Pierre Février

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Pierre Février (1696–1760) was a French baroque composer, organist and harpsichordist.

Born at Abbeville on 21 March 1696, he arrived in Paris in 1720 and served as titular organist of two churches on Saint-Honoré street: the Jacobins' church (destroyed at the Revolution) and Saint-Roch (still standing). Claude-Bénigne Balbastre, who moved to Paris in 1750, was among his pupils and eventually succeeded Février at Saint-Roch. Pierre Février died in Paris on 5 November 1760.

Two volumes of his harpsichord pieces are extant. The first one is dated 1734 and contains five suites:

  • Suite in A major
    • Allemande la Magnanime
    • Le Concert des Dieux - Double du concert
    • La Délectable
    • Le Berceau
    • La Boufonne ou la Paysanne
  • Suite in D minor
    • Fugue
    • Courante
    • Les Plaisirs des Sens
    • Le Labyrinthe
    • Ariette et doubles
  • Suite in B minor
    • Fugue
    • L'Intrépide
    • La Grotesque
  • Suite in D major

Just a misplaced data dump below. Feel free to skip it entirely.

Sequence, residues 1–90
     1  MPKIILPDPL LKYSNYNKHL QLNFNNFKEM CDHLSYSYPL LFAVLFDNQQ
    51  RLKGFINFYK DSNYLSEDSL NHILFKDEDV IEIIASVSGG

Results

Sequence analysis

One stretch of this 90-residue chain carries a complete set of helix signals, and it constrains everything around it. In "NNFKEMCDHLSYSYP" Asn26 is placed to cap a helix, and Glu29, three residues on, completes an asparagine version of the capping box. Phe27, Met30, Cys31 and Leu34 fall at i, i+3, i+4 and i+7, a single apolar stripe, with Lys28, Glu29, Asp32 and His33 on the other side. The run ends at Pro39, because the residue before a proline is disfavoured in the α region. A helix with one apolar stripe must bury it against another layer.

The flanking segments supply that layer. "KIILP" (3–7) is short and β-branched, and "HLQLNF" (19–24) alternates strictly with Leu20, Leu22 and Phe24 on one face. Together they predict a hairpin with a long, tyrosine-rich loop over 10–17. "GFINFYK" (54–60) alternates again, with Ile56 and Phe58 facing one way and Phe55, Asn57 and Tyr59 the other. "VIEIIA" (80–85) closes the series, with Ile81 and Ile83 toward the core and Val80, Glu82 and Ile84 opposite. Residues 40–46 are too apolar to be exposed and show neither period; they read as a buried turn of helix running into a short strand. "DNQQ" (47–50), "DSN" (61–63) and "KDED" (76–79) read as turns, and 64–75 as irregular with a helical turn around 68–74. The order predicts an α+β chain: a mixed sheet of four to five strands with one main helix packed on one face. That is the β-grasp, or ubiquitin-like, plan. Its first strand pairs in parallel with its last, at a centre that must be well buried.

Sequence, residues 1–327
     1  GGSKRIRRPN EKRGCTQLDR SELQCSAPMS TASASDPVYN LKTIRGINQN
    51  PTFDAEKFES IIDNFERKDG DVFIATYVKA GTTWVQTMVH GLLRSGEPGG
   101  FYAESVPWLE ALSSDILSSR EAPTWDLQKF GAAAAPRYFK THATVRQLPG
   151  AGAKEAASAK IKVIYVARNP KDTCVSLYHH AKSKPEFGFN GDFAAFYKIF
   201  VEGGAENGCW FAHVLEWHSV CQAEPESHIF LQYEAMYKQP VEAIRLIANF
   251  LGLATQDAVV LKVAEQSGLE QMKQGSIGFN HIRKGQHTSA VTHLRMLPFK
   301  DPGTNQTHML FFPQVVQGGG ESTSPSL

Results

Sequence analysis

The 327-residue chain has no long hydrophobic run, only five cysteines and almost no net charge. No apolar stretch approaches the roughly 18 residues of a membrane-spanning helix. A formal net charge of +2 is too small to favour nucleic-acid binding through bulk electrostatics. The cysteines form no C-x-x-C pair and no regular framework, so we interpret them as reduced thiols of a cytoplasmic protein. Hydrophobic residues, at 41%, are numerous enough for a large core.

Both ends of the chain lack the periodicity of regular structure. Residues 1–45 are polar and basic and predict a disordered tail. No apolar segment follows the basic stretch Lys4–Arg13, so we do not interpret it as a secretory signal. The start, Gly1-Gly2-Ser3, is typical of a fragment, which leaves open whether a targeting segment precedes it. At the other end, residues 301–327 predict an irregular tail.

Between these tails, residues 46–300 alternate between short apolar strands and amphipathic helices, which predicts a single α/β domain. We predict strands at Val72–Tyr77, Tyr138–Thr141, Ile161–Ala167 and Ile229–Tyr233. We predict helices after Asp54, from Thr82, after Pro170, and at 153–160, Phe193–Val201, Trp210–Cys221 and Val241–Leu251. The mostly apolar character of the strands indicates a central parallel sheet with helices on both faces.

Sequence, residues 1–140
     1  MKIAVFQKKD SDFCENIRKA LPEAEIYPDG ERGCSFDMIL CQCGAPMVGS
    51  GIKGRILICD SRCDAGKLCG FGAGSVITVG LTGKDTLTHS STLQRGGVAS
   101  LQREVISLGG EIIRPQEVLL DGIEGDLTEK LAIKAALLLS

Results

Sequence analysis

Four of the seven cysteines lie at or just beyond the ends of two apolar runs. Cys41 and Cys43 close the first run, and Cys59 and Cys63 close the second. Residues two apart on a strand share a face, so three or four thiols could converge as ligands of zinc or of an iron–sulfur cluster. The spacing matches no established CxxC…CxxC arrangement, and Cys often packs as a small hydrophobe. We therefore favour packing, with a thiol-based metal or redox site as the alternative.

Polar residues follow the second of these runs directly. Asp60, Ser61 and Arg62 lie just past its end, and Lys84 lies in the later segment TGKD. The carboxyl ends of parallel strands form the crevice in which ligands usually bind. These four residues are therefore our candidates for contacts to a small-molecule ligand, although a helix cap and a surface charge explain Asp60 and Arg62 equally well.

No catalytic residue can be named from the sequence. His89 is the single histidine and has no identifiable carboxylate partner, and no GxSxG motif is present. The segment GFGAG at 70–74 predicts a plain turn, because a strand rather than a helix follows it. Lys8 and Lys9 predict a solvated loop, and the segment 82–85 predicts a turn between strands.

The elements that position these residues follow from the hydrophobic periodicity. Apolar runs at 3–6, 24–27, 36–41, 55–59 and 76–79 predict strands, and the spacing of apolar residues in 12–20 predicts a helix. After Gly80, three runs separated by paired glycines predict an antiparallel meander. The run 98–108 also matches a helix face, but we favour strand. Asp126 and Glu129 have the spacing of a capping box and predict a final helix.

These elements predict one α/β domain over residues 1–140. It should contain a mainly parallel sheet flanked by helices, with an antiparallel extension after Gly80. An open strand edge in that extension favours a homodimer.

• Gavotte et doubles
    • Le Brinborion
    • Le Tendre Language
    • Tambourin
  • Suite (Festes de Campagne) in C major
    • Entrée
    • Musette
    • 2 Menuets
    • Le Gros Colas et la Grosse Jeanne
    • Les Petites Bergères

The second volume, composed after 1734 and before 1737, was discovered in the late 1990s in a private collection in Belgium (Arenberg). It contains two harpsichord suites that follow a similar pattern, mixing dances and descriptive pièces de caractère in the typical late Baroque French tradition:

  • 1st Suite in G Minor
    • Les Liens Harmoniques - Rondeau
    • La Caressante - Rondeau
    • La Fertillante
    • La petite Coquette
    • Tambourin - Rondeau
  • 2nd Suite in C Minor
    • Allemande
    • Les Tendres Tourterelles - Rondeau
    • Les Croisades - Rondeau
    • Menuet

See also[edit]

External links[edit]

  • IMSLP Free scores of the Premier Livre.
  • La Sala del Cembalo del caro Sassone Pièces de clavecin, Premier livre, 1734. The World Premiere Recording of the first book, as recorded by the harpsichordist Fernando De Luca (Rome, December 2008), is freely available in streaming on this non-profit website devoted to the ancient music and harpsichord baroque music.